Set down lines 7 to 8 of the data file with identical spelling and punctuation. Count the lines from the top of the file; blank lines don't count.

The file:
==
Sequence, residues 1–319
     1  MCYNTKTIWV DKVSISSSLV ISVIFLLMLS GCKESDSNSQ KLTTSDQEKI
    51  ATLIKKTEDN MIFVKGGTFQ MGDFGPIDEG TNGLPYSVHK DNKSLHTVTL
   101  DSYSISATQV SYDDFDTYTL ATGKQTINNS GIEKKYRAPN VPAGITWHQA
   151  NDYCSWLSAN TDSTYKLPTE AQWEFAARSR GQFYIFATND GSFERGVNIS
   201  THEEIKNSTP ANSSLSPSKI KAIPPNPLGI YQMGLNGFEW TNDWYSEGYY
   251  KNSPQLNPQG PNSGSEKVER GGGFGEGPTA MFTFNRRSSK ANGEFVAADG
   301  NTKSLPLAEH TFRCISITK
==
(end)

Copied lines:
   251  KNSPQLNPQG PNSGSEKVER GGGFGEGPTA MFTFNRRSSK ANGEFVAADG
   301  NTKSLPLAEH TFRCISITK